ACA Board Elections - All ACA Members Encouraged to Vote!

As a member of the ACA, you have the option to participate in elections concerning the governance of the Association.

On behalf of the ACA Board of Directors, I would like to encourage you to vote for the following: five at-large Directors, and the appointment to the Properties Committee.

You have the option to vote online, or download a paper ballot and mail it in.

Please note, to vote online, you will need to log-in to the ACA website. If you have forgotten your password, there is a ‘reset your password' prompt at the bottom of the webpage at the above voting link, or you can contact the ACA's Membership Department.

Deadline: All ballots must be received (electroncially or via mail) at the ACA Office by October 19, 2015.

You can also cast your votes in person at the ACA Annual Membership Meeting which takes place at the upcoming Instructor Trainer Conference in Charleston, South Carolina.

The ACA is your organization, so please exercise your right to vote.

See you on the water,

Anne Maleady

President, Board of Directors

ACA | Canoe-Kayak-SUP-Raft-Rescue

Wednesday, September 23, 2015

Improve Your River Rescue Skills!

Time is running out to register for the Swiftwater Rescue Conference taking place October 9-11, 2015. 

September 28th is the last day to register, so sign up today!

Visit for more information. 

Tuesday, September 22, 2015

Sixth Annual ACA Europe Paddlesports Symposium in London!

Location: London (Shadwell Basin)
Date: October 2-4, 2015
Host: Greg Spencer

The Sixth Annual Symposium of ACA Europe Division will be a lively a gathering of ACA students, instructors, and national representatives. Expect workshops, presentations, networking, fine food, and more!  

For more information, visit

Or check out the ACA Europe Division website

Monday, September 21, 2015

Life Jacket Design Winners Announced

What would a modern life jacket look like if you threw out the rulebook and started with a clean slate? The answer lies with the winners of the 2015 “Innovation in Life Jacket Design Competition” announced last week at the International Boat Builders Exhibition and Conference in Louisville. Sponsored by the BoatUS Foundation for Boating Safety and Clean Water and the Personal Floatation Device Manufacturers Association (PFDMA), a team of five judges from the boating, paddling, and life jacket manufacturing industry reviewed nearly 250 contest submissions from as far away as Mongolia and New Zealand, and also asked recreational boaters to vote for their favorite design entry.

The goal of the competition was to rethink a 100-year-old design, seek out the newest technologies and design innovations and develop interest in newer, more versatile life jackets. Design entries were judged on the following criteria: innovation, wearability, value/affordability, reliability, versatility and practicality. At stake was $15,000 in prize money.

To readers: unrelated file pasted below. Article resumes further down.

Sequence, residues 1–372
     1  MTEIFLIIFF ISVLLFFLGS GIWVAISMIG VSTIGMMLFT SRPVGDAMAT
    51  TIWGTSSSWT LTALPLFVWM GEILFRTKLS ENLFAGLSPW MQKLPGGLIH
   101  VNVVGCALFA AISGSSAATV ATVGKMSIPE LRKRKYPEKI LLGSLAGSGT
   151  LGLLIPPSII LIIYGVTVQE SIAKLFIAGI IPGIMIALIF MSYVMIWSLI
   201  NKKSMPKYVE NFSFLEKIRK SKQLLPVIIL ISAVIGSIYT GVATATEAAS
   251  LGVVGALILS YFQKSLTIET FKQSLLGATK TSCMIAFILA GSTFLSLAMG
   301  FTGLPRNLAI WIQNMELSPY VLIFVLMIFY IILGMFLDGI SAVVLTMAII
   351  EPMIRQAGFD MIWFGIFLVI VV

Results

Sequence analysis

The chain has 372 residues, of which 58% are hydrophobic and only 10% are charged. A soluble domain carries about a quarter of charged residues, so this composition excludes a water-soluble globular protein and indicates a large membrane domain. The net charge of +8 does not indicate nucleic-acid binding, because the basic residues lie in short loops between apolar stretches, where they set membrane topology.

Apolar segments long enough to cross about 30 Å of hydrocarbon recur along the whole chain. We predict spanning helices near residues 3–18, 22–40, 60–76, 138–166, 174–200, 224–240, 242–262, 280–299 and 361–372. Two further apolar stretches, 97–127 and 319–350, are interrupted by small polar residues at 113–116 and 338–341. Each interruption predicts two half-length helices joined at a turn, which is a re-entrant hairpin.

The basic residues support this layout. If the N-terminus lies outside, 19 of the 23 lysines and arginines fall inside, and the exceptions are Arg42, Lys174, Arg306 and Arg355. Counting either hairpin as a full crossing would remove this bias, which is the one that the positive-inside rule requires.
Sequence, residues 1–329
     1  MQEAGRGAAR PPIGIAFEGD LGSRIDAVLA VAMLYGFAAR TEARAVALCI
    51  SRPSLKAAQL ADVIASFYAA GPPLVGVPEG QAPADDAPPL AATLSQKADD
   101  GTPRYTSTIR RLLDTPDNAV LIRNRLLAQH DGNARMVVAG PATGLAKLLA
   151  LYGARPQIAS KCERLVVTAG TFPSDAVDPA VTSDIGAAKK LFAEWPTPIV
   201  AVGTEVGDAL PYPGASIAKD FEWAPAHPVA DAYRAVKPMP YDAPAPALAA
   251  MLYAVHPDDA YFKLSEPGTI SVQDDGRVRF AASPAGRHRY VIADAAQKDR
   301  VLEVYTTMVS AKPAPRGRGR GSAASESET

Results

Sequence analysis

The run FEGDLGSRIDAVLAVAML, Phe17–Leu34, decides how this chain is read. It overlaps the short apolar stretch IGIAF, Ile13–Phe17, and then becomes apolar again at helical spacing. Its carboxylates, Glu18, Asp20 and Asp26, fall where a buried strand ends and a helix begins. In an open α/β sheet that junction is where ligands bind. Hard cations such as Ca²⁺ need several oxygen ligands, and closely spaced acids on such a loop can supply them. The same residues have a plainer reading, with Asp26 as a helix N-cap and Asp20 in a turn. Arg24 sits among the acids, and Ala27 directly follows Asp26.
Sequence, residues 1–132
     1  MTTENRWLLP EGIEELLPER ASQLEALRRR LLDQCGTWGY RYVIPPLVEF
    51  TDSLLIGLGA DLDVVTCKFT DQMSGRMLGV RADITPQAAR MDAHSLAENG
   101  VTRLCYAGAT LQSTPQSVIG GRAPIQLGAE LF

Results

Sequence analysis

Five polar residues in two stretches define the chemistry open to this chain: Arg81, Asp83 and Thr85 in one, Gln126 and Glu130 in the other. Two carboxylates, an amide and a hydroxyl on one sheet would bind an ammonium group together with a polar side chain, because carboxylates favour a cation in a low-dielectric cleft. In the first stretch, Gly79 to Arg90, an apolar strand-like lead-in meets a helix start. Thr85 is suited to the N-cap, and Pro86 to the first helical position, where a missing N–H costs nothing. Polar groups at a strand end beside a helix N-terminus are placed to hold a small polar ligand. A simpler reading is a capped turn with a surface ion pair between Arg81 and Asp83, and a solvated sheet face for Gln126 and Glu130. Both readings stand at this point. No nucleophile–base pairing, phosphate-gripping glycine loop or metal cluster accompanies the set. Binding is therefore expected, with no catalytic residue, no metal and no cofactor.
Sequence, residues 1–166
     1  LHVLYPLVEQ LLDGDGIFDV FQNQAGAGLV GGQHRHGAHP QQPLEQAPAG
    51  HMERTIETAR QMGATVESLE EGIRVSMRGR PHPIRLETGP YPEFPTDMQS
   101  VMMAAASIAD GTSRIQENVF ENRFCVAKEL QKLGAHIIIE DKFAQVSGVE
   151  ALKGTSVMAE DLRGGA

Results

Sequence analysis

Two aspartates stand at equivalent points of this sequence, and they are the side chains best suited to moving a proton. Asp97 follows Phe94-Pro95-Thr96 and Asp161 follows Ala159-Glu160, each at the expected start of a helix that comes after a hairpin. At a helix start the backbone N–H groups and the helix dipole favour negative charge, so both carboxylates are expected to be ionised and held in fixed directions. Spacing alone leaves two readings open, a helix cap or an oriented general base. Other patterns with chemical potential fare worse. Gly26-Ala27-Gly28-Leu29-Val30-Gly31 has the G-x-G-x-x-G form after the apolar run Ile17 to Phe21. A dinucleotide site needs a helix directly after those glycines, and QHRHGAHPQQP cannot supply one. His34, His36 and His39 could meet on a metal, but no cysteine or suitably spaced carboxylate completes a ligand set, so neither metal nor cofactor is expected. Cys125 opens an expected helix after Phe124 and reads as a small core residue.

Michael Garman’s custom, factory-fitted life jacket design won first place – and $10,000 – in the 2015 Life Jacket Design Competition.

Competition Judge and Image Base Vice President Joe Fogarty said, “Whether a commercial enterprise, an individual inventor-entrepreneur, a student or a group of Scouts, the 2015 Life Jacket Design Competition brought forth a lot of creativity. The entries we chose will not only keep us afloat, but showed thoughtfulness, problem solving and practicality.”

Judge Lili Colby, Owner and “chief PFDiva” at paddlesport life jacket manufacturer MTI Adventurewear said, “It was exciting to see that so many of the competitors shared a common goal to create more wearable product for the average recreational boater. Thinking ‘out of the box’ not only meant that the designs need to work, but that they also need to look good and be comfortable to wear. I wouldn’t be surprised to find a number of the finalist’s designs make it to market someday if they can be US Coast Guard approved.”

ACA Chief Operating Officer Chris Stec was also one of the judges for the contest. He said, “The contest truly showed innovation in PFD design at its best. From highly technical entries to simple concepts, there are several new ideas out there that could help boaters stay safer out on the water.”

Additional judges included marine industry consultant, speaker, and former “West Marine Advisor,” Chuck Hawley and Frank Solazzo, a Team Leader with Leland Limited which supplies high-pressure gas filled cylinders used in inflatable life jackets.

The winners:

First Place ($10,000): Michael Garman of Moseley, Virginia submitted his prototype design that uses two-part expanding foam encased in a comfortable thermal fabric that’s designed to keep the wearer cool. The design uses a smartphone app to submit exact body measurements to the factory where the lifejacket is custom molded, offering a perfect fit right out of the box. A heat reflecting fabric can be used on cold days to help keep the wearer warm – or reversed for hot days that combine with an inner fabric mesh to keep the wearer cool. Accessories such as a rear mounted hydration pack – great for paddlers – and custom pocket choices add versatility. A built-in signal mirror and whistle improve safety. Go to for a look.

Second Place ($3,000): Jimi Beach of the two-year-young Aegis Safety Products in Orlando, Florida took second place with his brand new, soon-to-market, inflatable floatation “Lifeshirt” that blends affordability with comfort and performance. The “actionwear” design looks similar to a sport shirt and is intended for a range of uses from boating to surfing. Offering automatic or manual inflation, a patented design resists inadvertent inflation from rain or splashes but activates instantly when the user’s head or shoulders submerge. Retail pricing is expected to remain consistent with or lower than other PFDs on the market. Lifeshirt is currently undergoing certification for adults and children in a lightweight performance class of personal floatation devices. Go to for a look.